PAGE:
Take-Away: In a couple of situations there is an automatic waiver when there’s a failure to take a required minimum distribution.

Background: Inherited IRAs normally require distributions, especially after the SECURE Act. However,  there can be exceptions to the need to take a distribution from an inherited IRA. Some examples follow where there is an automatic waiver of the excise tax for the failure to take a required minimum distribution (RMD.)

  1. Sam inherited his father, Fred’s, traditional IRA in 2023. Fred died after his required beginning date (RBD.) Fred died before taking his required minimum distribution (RMD) from his IRA for 2023. For the 2023 RMD, the RBD is April 1 of the year that follows the year Fred reached age 72 (age 70 ½ if Fred died before 2020.) Fred should have taken his 2023 RMD no later than December 31, 2023. Prior to the SECURE Act, Sam would have owed the IRS a 50% excise tax if his father’s RMD had not been taken by the end of 2023 (the year of Fred’s death.) Now, under the Proposed Regulations issued under the SECURE Act, there is an automatic waiver for such RMDs for taxable years that begin on or after 2022. Under these Proposed Regulations, the excise tax for the failure to take the RMD for the year of the IRA owner’s death is automatically waived if the RMD is taken no later than Sam’s tax filing deadline, plus any extension for Sam’s income tax return. Accordingly, since Sam inherited his father’s IRA in 2023 and Fred did not take his 2023 RMD prior to his death, the 25% excise tax is automatically waived, so long as Sam takes Fred’s 2023 RMD by April 15, 2024 (or even later if Sam extends his filing of his 2023 Form 1040.)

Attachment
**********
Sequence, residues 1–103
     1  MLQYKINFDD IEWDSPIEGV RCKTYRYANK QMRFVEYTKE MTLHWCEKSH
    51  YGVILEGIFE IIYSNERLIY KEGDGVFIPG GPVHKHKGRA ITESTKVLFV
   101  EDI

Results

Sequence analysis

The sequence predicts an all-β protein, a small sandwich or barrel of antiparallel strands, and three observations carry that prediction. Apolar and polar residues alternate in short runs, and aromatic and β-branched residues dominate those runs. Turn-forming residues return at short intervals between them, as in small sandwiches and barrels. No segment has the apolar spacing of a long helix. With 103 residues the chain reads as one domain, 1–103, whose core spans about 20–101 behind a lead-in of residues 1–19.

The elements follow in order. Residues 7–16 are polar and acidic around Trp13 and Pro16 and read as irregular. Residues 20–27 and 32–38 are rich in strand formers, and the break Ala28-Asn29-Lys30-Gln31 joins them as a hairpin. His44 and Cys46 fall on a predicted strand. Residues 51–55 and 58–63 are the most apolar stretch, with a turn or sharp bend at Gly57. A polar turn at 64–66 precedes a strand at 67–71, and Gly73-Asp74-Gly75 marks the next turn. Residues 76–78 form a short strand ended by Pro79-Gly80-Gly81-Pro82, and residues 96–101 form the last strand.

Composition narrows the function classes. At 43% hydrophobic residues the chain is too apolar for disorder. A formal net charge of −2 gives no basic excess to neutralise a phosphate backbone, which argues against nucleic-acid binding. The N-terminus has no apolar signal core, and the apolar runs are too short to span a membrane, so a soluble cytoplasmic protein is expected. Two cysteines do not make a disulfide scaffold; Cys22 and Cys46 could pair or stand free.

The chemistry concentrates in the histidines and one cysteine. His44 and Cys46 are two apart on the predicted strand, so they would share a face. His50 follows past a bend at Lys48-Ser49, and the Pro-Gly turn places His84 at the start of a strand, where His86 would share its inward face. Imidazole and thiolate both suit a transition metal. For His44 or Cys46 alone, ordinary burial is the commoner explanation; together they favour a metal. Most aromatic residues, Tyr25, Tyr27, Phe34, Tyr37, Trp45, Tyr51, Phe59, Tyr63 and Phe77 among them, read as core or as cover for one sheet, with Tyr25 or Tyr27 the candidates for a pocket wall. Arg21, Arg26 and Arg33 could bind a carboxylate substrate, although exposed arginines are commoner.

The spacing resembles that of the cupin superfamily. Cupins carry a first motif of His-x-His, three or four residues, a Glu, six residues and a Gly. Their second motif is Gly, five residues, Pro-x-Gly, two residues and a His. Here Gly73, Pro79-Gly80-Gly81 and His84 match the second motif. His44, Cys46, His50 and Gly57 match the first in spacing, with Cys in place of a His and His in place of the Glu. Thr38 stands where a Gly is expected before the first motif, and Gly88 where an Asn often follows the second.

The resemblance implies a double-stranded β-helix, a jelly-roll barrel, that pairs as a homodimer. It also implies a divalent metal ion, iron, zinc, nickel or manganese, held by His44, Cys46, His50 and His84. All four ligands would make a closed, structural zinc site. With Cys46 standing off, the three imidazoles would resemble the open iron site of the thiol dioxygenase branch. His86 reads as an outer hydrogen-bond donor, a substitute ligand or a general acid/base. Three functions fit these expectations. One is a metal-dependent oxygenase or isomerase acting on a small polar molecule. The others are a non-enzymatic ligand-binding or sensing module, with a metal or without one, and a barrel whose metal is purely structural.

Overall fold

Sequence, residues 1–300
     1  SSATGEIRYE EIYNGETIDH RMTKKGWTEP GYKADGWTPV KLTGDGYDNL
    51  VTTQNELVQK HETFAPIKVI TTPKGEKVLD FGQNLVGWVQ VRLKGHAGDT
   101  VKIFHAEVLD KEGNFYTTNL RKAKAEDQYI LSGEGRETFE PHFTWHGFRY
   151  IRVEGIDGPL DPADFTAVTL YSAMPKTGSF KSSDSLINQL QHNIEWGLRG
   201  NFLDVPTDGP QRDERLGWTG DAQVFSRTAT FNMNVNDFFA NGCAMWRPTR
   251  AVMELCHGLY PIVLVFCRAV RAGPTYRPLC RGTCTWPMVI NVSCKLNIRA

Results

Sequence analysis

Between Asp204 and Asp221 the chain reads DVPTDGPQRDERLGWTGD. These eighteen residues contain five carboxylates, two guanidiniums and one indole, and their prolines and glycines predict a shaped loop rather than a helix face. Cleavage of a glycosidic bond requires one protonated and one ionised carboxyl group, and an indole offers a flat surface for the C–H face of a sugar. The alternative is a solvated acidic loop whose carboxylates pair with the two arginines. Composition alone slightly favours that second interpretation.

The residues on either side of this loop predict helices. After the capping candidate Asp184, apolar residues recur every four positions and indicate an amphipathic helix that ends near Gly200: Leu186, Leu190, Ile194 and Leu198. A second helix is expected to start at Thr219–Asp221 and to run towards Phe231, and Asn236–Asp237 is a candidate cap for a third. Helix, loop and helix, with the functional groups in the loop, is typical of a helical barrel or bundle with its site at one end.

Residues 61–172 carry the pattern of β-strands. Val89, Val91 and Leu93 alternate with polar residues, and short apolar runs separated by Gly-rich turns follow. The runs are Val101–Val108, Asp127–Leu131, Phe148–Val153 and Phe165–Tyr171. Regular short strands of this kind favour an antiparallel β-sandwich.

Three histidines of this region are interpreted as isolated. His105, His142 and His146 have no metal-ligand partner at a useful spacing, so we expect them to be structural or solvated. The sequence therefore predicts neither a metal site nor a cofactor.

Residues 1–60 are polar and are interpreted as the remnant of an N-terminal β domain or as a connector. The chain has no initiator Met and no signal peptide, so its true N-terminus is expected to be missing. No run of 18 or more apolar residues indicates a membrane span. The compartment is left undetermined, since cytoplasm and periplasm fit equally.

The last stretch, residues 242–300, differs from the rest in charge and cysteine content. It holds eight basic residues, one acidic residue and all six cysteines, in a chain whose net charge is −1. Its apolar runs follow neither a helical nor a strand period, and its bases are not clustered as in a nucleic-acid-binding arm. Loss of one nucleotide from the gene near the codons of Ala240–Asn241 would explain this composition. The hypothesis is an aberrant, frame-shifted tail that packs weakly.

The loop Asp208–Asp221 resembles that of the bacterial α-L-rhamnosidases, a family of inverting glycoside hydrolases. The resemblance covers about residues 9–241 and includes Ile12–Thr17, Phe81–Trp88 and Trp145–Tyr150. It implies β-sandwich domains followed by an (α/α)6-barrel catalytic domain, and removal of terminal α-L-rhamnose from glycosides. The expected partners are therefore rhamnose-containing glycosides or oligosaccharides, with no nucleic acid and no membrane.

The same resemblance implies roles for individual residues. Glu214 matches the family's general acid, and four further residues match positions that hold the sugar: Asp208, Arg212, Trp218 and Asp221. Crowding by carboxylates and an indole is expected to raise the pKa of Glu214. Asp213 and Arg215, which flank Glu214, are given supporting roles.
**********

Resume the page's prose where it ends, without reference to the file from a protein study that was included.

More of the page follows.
2. Susie is the designated beneficiary of her mother, Dorothy’s, traditional IRA. Dorothy died after her RBD in 2020 (or in 2021 or 2022.) Dorthy died before taking her RMD in the year of her death- 2019. Susie is not an eligible designated beneficiary, i.e., Susie is not a minor, nor is she disabled or chronically ill. Again, the excise tax for Dorothy’s failure to take an RMD in the year of her death is automatically waived. This is also the case for 2021 and 2022. [IRS Notices 2022-53 and 2023-54.]
  3. Sid is a successor beneficiary of an eligible designated beneficiary (EDB) Samatha who died in 2020 (or 2021 or 2022) who inherited a traditional IRA before 2020. Samantha was taking distributions under the life expectancy method. Samantha died after 2019. Thus, Samatha’s successor beneficiary, Sid, must fully distribute the inherited IRA no later than the 10th year after Samantha’s death. In addition, Sid as the successor beneficiary, must continue to take distributions over the life expectancy that applied to Samantha, an eligible designated beneficiary. The excise tax is automatically waived for the successor beneficiary who did not take an RMD for 2023. This also the case for 2021 and 2022 RMDs. [IRS Notices 2022-53 and 2023-54.]
  4. Barb inherited a Roth IRA from her brother, Rob, in 2018. Under the Roth IRA agreement, Rob must take annual distributions over his life expectancy, starting no later than 2019. Rob died in 2020. Rob named his son, Bart, as the successor beneficiary. Bart must ensure that the inherited IRA is fully distributed no later than 2030. Bart must continue to take annual RMDs over Rob’s life expectancy. Bart failed to take his RMDs for 2023. The excise tax is automatically waived for 2023. This also applies to 2021 and 2022. [IRS Notices 2022-53 and 2023-54.]

Conclusion: While the excise tax for the failure to take a RBD was reduced from 50% to 25% with the SECURE Act 2.0, it still exists. It is nice to know than in a couple of situations when the account owner dies having failed to take his/her RMD an automatic waiver still exists,

View PDF